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In the earliest days of a startup, maintaining company alignment is fairly simple. Since the entire company is generally one team at that point, you don’t really need to do anything special to keep everyone on the same page or moving in the same direction. As your company grows and expands, however, maintaining company alignment becomes a bigger and bigger challenge. Here are three ways to maintain alignment as your startup grows and expands.

Set mission, vision, and values statements early

The sooner you set your mission, vision, and values, the more deeply they will become embedded into the DNA of your company. Your mission, vision and values become the foundation that the rest of your company is built on. As your organization grows, employees at all levels will need to make daily decisions that have the ability to impact the entire company in unforeseen ways. By having a set of principles outlined early on that guide every decision, employees at every level are more likely to make decisions that are in keeping with the values of the entire company.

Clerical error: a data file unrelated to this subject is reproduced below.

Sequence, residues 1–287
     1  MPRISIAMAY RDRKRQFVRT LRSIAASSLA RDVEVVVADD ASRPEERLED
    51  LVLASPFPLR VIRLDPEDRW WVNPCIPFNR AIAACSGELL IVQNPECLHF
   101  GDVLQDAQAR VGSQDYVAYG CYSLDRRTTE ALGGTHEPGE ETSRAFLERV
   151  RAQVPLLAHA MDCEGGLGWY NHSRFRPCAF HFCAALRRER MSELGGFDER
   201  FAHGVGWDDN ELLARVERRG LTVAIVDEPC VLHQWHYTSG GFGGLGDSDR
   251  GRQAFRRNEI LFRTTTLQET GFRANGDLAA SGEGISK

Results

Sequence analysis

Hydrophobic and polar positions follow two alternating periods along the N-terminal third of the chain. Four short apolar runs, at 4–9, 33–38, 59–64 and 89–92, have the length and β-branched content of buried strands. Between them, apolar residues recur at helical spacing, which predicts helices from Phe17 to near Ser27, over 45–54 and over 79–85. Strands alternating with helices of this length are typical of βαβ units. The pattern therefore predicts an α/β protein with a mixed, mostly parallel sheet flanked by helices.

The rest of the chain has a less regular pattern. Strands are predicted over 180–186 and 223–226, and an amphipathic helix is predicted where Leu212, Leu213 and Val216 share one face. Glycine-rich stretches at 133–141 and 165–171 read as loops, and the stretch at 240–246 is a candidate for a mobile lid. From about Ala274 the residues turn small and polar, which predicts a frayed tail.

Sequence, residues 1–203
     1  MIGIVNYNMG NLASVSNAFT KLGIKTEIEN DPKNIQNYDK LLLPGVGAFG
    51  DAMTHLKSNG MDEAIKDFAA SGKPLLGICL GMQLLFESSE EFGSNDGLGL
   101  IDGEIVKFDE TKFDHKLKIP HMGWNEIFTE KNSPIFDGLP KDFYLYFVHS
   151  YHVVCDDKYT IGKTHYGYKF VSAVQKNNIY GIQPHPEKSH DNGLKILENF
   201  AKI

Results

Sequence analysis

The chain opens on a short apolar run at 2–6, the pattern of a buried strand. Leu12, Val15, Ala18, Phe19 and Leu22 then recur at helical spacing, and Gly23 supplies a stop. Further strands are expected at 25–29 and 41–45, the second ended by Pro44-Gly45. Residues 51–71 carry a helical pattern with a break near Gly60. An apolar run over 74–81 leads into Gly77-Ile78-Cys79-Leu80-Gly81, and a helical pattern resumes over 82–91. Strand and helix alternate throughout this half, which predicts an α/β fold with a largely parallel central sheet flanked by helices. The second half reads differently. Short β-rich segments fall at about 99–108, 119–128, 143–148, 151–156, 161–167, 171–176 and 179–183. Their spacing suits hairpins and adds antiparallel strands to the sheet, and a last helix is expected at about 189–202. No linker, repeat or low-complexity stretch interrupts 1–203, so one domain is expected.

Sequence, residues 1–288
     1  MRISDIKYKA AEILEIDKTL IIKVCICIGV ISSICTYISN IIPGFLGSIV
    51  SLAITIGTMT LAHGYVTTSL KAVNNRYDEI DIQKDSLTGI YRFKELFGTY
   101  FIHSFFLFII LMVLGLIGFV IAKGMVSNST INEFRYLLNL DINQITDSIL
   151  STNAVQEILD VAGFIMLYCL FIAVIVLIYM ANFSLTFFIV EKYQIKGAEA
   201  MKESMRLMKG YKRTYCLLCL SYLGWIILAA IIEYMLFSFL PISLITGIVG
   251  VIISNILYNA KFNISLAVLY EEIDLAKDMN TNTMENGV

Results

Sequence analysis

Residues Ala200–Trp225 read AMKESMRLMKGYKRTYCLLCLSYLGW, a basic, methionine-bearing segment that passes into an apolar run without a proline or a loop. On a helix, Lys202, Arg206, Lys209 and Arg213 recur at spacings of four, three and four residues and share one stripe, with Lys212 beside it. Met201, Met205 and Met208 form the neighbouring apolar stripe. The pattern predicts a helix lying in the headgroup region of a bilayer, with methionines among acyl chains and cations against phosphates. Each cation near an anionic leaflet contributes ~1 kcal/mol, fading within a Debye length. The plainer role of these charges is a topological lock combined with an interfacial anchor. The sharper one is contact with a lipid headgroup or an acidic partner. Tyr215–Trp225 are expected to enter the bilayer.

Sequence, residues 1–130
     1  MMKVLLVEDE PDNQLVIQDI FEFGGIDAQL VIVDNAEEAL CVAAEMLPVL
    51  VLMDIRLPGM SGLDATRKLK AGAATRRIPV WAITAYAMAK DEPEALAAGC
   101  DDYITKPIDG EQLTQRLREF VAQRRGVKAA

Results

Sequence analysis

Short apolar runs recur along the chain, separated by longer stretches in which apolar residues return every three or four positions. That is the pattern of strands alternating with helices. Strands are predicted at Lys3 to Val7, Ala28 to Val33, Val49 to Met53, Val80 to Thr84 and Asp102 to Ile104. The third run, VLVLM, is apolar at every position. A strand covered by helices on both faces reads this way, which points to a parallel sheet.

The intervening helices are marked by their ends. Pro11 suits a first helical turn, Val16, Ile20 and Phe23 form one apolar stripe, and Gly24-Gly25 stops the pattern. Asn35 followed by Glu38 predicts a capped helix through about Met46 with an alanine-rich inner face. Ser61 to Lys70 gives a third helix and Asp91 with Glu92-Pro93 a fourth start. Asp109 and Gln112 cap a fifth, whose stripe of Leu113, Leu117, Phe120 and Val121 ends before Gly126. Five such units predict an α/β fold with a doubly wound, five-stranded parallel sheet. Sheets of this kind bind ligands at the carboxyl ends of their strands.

Keep lines of communication open going both ways

There is no doubt that regular top-down communication is critically important. Many organizations falter and sometimes crumble simply due to lack of communication from leaders, particularly at certain critical junctures. But leaders also need to be listening carefully to those they are leading. When employees feel they are no longer heard, they may quickly abandon ship in search of a place where they do feel heard. Losing good employees is hard on any organization, but it can be deathly for startups that are generally already stretched thin.

Have regular productive meetings

Building a business is a collaborative effort to be sure, but every one of your employees will also have individual work as well. Meetings are essential for keeping everyone on the same page, but the more time employees spend in meetings, the less time they have to accomplish their individual tasks. One way to create balance is to set aside a certain percentage of the workweek or workday that can be filled with meetings. When you put an automatic cap on meeting times, it makes every minute more valuable and ensures only the most important topics get addressed. Other issues either get resolved on their own or climb in importance until they warrant a meeting.